Use of zinc supplements to reduce upper respiratory infections in United States Air Force Academy cadets

Complement Ther Clin Pract. 2009 May;15(2):91-5. doi: 10.1016/j.ctcp.2009.02.006. Epub 2009 Mar 3.


Although known primarily for its antioxidant function, zinc appears to be an important modulator for the production of immune cells as well as ensuring the proper action of various leukocytes such as neutrophils, monocytes, macrophages, B and T lymphocytes. The primary study objective was to compare URI incidence between supplemented (zinc gluconate 15mg/day capsules) and non-supplemented (corn-starch placebo) groups. This study was a seven month randomized, double blind, placebo-controlled trial involving 40 cadets to evaluate zinc's effectiveness in reducing the risk of upper respiratory infections (URIs). Self-reported symptoms as recorded by a weekly web site survey revealed that supplemented participants experienced significantly more symptom free episodes than those in the placebo group (p=0.01). No significant differences were found between groups in terms of physician diagnosed cases (p=0.99). Higher zinc dosage may be warranted to confer a protective effect under more challenging immunological conditions.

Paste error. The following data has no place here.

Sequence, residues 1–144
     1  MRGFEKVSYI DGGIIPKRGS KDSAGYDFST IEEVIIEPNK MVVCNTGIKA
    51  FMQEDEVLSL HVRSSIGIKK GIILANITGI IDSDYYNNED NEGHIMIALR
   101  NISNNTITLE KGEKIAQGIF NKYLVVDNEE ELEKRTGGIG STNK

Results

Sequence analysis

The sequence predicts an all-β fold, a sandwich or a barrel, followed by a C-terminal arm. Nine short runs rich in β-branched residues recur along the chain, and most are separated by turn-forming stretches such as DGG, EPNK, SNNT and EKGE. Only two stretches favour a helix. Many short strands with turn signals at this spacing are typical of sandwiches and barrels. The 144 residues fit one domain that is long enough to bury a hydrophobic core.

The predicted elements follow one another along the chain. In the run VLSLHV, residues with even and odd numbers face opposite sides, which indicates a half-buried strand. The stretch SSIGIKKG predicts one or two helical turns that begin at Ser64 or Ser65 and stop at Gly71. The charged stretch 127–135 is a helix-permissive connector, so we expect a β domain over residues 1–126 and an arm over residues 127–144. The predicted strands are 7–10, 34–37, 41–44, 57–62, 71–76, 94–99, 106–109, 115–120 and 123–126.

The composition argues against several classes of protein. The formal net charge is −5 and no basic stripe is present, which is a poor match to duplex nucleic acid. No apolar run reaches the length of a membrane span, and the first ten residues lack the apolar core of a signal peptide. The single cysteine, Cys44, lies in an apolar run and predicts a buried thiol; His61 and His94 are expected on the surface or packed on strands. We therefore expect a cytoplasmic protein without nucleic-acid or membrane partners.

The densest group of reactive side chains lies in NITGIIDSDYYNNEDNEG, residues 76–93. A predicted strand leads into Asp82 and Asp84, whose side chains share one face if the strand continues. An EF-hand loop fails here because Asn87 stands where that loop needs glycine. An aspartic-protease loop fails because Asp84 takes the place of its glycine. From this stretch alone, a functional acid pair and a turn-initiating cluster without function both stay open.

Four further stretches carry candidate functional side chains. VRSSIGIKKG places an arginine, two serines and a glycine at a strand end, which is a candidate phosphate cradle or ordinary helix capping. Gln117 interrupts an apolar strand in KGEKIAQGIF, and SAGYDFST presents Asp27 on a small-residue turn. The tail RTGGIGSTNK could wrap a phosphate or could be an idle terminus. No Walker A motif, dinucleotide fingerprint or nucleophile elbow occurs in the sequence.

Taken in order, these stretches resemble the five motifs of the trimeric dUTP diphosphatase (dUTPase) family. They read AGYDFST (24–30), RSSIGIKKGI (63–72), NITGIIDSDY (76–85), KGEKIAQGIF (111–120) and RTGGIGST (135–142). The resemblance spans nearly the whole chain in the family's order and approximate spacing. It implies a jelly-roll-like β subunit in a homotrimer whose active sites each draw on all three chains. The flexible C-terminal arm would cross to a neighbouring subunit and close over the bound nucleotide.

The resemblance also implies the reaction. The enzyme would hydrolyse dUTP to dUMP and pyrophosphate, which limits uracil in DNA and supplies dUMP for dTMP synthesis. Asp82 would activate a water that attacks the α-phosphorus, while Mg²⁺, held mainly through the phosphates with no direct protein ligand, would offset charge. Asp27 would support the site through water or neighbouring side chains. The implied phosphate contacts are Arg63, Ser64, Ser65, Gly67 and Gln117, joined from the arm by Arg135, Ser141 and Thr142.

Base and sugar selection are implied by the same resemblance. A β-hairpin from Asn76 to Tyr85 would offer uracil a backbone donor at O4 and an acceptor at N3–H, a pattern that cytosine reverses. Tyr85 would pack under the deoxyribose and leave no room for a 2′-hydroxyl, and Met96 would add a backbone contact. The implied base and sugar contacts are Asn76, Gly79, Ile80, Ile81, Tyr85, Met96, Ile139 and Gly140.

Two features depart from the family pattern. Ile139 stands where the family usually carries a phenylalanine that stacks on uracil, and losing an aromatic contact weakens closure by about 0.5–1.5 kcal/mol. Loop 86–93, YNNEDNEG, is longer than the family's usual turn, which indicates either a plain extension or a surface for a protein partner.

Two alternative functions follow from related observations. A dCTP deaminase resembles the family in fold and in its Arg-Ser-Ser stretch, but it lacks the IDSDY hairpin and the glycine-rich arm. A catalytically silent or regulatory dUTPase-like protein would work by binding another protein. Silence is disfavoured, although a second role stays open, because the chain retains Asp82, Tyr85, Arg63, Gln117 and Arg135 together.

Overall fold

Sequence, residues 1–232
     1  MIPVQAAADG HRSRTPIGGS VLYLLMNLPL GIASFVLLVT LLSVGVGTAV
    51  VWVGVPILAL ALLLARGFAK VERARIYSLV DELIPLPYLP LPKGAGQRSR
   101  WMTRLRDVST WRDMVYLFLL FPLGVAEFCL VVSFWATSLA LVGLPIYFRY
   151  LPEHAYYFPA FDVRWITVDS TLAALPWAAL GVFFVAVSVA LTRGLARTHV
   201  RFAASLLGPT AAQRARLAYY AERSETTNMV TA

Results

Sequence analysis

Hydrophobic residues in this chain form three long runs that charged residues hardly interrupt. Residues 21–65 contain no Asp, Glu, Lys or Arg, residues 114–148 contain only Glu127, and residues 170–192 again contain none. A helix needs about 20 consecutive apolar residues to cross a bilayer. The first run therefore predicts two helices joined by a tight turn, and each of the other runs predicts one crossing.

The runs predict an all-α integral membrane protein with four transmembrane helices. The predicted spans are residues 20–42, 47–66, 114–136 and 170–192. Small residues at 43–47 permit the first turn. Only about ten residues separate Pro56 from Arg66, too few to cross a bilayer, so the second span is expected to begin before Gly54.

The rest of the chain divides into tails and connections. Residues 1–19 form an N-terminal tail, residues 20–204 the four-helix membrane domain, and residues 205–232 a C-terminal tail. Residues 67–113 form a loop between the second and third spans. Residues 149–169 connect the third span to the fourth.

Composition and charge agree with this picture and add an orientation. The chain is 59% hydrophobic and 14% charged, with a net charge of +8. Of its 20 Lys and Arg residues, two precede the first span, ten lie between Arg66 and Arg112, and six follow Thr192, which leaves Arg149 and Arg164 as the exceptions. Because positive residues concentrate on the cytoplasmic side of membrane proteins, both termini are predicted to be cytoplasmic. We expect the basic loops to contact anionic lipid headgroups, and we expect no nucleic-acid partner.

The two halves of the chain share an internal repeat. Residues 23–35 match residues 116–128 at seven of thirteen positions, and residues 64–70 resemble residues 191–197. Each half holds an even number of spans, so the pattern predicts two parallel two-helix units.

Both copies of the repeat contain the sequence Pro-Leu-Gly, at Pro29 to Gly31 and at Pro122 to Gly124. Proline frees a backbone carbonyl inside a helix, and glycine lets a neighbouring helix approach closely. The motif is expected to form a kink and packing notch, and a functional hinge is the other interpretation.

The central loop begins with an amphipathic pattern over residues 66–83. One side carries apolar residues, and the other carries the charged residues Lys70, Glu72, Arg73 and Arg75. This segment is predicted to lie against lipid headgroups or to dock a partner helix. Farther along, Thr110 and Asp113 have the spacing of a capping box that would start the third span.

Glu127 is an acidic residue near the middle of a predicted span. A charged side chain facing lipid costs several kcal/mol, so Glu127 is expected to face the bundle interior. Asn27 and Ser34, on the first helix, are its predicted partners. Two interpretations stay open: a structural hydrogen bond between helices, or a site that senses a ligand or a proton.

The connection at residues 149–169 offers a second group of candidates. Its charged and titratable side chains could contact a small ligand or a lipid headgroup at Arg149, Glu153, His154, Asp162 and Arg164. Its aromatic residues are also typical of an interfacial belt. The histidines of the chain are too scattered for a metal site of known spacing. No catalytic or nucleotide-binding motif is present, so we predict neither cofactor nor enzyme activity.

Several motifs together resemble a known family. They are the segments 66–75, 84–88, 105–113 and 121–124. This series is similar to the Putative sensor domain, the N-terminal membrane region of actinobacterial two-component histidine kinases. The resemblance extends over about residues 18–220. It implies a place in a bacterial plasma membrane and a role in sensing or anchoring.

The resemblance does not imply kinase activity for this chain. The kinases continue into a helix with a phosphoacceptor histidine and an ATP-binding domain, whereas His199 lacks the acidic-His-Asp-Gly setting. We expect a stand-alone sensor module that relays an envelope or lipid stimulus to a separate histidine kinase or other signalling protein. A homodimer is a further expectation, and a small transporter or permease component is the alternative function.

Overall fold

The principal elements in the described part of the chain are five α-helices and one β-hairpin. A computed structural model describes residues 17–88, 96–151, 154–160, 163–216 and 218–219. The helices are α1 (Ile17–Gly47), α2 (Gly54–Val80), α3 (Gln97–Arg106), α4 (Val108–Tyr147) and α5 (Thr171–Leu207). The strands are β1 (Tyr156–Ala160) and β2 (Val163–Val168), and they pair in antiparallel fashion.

Publication types

  • Randomized Controlled Trial
  • Research Support, U.S. Gov't, Non-P.H.S.

MeSH terms

  • Dietary Supplements*
  • Double-Blind Method
  • Female
  • Gluconates / therapeutic use*
  • Humans
  • Male
  • Military Personnel*
  • Respiratory Tract Infections / prevention & control*
  • United States
  • Universities*
  • Young Adult


  • Gluconates
  • gluconic acid